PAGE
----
It’s called stars. Quite pretty, so what?
I’ve barely started and here are two questions already:
What are they?
And what’s the point of asking, what’s so interesting about them?
Let’s look at a few bare facts to have something to begin with.
Fact: staring at stars is equally old as it is ancient
There must be something interesting about them since even the mythology attempted to explain, how were they created or what they are. Nobody knows when the repeating movements of stars were first described, because writing didn’t exist yet at the time. But the Egyptian pyramids aligned exactly (as far as possible) to the then North Star make one think. The Chinese paid special attention to the comets and new stars. The Babylonians assigned three stars to each month before 1100 B.C., which means they had them catalogued pretty well back then.
Fact: there are loads of fantastic stories about stars
The Greek explanations of the origin of the Milky Way and the long tail of Ursa Major are bizarre to say the least, and certainly not the only ones. Someone apparently couldn’t stand the mere fact that the constellations exist. So wonderful myths were made up. Well, their wonderfulness depends on how are they told:
‘Listen boys, this bunch of stars looks like half goat, half fish! Perhaps it’s a god Pan, the goaty (so ugly that when he was born his own mother fled in panic), he attached himself a tail of a fish and jumped into the sea, running away from a gigantic hundred-dragon-headed monster Typhon, master of hurricanes and father of most horrifying beasts!’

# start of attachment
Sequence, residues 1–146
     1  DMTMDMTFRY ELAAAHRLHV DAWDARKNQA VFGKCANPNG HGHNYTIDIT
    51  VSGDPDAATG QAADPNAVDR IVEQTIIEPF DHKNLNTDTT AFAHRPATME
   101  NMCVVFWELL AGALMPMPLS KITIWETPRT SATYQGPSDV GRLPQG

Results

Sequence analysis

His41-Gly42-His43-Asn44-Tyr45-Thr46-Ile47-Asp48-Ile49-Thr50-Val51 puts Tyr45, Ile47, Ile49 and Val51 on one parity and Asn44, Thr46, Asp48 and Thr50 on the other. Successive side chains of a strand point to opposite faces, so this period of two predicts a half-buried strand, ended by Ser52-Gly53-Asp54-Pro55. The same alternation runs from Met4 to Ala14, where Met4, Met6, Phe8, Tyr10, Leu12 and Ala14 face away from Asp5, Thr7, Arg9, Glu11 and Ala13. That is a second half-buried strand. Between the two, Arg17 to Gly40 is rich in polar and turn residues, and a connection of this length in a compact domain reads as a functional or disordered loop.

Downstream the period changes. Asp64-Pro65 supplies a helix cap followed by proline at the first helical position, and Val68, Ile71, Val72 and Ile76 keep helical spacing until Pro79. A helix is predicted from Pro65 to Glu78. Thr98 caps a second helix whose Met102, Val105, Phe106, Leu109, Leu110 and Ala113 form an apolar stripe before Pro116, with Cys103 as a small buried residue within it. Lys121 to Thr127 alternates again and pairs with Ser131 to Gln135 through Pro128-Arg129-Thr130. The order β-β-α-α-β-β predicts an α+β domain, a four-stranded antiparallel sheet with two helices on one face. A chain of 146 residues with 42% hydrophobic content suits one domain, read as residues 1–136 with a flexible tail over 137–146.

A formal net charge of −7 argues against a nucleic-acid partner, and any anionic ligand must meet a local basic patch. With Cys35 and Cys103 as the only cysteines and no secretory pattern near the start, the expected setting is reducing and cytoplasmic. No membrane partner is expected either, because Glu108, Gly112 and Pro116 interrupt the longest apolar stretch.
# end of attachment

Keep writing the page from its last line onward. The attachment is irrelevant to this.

‘Dude, are you stoned?’
Conclusion: the stars are fascinating
Perhaps, like every undiscovered phenomenon? People used to fear the unknown, so myths and legends were invented to tame it. Stars are particularly harmless, but still got assigned magical powers. Did it change very much nowadays, anyway? Colourful magazines and websites ‘inform’ about the meaning of specific positions of stars. Hence, the horoscopes came about!
So what is staring at the stars for?
On every day – for a moment to admire the unknown, the eternal, the unreachable.
For an astrologist – to read human fate from stars’ positions.
For a navigator – to find the way at night, in an unknown area.
For a poet – to write beautiful texts and poems!
For the humanity – to feed an enormous curiosity of the world, which had become a drive of progress.
Speaking of curiosity…
Do you know why did the humanity get interested with the stars?
Because it sees them.
Isn’t that stupid?
Humanity happens to populate a planet with an atmosphere dense enough for us to breathe, but thin enough for things above to be visible. Not like on Venus, for instance, where there is a layer of clouds several kilometres thick, hovering 30-40 km above the ground. Completely opaque. So if our mother Earth had such a permanent coat…
…nobody would ever see stars.
So there would be entirely different reasons of reaching into the outer space: to see whatever is above the clouds! Nobody would dream about stars or any astronomy.
All right, but since we speak of it, what is astronomy for?
That’s, like Kipling used to say, another story.